10: Mitchell, C. & Widdowson, M. (1991). A Geological Map of the Southern Deccan Traps, India. Journal of the Geological Society of London 148, 495-505.
11: Keller, G., Adatte, T., Bajpai, S., Mohabey, D.M., Widdowson, M., Khosla, A., Sharma, R., Khosla, S.C., Gertsch, B., Fleitmann, D., & Sahni, A. (2009) K-Ttransition in Deccan Traps of central India marks major marine Seaway across India. Earth and Planetary Science Letters, 282, 10–23.
12: Jay, A.E., Mac Niocaill, C., Widdowson, M., Self, S., &Turner, W. (2009). New palaeomagnetic data from the Mahabaleshwar Plateau, Deccan Flood Basalt Province, India: implications for the volcanostratigraphic architecture of continental flood basalt provinces. Journal of the Geological Society of London, 166, 13-24.
Many flood basalt events are temporally associated with climate-change events, and mass extinctions - is there a link? We can discover the answer through careful study of the lavas successions, the sediments and fossils trapped between them, and the chemistry of both the basalts and the deposits associated with them.
Rocks such as basalt .form from high temperature magmas and contain minerals that are stable at pressures and temperatures far in excess of those at the surface. As a result, they are very susceptible to breakdown and alteration when exposed at the surface. No where is this alteration more rapid than in the humid tropics where warm termperatures and heavy rains create a reactive cocktail of percolating groundwaters.
A team of geoscientists including Dr Mike Widdowson, Lecturer in Volcanology at The Open University, may have discovered the largest volcano on Earth, the size of the British Isles, hidden in the waters of the Pacific Ocean.
The volcano is called Tamu Massif and measures 625 km at its base. It is a part of a large underwater plateau a thousand miles east of Japan. It has been now identified as a landform created by a massive lava flow from a single centre making it an individual mountain, however without a spectacular peak.
Geologists have known of the existence of the Tamu Massif since the 1920s, when it was described as one of three major peaks in an even larger feature called the Shatsky Rise plateau. Until now, they had assumed that the Massif owed its size to the combined output of multiple volcanoes.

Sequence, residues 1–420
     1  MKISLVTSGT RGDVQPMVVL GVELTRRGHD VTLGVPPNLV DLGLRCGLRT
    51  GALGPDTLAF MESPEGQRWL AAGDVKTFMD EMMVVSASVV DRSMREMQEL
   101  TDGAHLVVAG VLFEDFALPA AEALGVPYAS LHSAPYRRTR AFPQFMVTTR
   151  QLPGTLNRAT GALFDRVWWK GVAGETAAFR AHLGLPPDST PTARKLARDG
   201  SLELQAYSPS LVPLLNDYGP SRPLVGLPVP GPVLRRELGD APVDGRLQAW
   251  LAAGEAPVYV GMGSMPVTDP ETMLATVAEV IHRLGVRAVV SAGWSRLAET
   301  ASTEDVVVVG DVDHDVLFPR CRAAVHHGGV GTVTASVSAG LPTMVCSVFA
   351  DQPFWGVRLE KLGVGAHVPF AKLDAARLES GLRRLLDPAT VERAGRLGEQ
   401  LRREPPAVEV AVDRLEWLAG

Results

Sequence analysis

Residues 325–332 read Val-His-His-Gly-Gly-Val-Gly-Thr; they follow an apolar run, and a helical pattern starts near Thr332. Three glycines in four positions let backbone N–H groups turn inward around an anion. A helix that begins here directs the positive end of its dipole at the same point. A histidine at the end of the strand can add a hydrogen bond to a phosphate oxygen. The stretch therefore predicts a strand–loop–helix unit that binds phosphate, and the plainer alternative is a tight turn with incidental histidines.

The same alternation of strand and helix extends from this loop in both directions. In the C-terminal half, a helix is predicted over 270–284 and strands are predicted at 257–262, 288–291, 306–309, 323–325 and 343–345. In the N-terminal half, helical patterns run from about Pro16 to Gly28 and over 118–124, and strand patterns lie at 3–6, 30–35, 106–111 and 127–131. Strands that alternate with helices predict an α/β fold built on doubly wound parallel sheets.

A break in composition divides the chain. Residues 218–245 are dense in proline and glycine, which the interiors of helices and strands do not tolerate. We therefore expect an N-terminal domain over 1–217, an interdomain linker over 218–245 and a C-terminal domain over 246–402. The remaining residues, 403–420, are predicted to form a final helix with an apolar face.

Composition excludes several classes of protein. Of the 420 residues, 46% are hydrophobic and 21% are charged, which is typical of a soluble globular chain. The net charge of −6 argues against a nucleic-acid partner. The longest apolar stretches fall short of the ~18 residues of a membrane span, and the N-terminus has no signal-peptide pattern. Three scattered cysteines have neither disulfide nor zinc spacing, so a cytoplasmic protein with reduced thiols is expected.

Now, by analysing new seismic data from the area and rock cores drilled from the Tamu Massif, evidence now indicates that it is in fact a single, enormous volcano. The data reveals the internal structure of the submerged mountain, going several kilometres deep. It appears to show that all the lava that constitutes the Tamu Massif originated from one summit.
The findings were published in an article in Nature Geoscience and covered in the weekly general version of Nature, New Scientist, and many world media outlets. The discovery was made during two expeditions to the Pacific above the Shatsky Rise, an area of the elevated ocean floor. Experiments including sending seismic waves into the rock mass indicated that 140 million years ago magma flowed from one centre, rather than from several separate openings as previously thought.
Tamu Massif is 4 kilometres tall at its highest point, making it smaller than Mauna Loa volcano on Hawaii, the biggest mountain on the planet, which rises 9 kilometres from the seabed, but has a significantly smaller base. At 310,000 sq km Tamu Massif’s base is not only by far the largest on Earth, but also slightly bigger than that of Olympus Mons on Mars, making the recent discovery the broadest mountain in the Solar System.
You Tube Video: Intoduction to S283 http://youtu.be/exSE6M9-xyg
'Continental flood basalt’ eruptions are examples of volcanic ‘super-eruptions’. They can smother hundreds of thousands of square miles in red-hot molten rock, create stacks of lava over a mile thick and spew out mind-boggling quantities of toxic gas. Dr Mike Widdowson investigates the geological record for past eruptions, and speculates upon what might happen if such super-eruptions were to occur today – after all, it’s only a matter of time before the next one blow!'
Link to on-line lecture: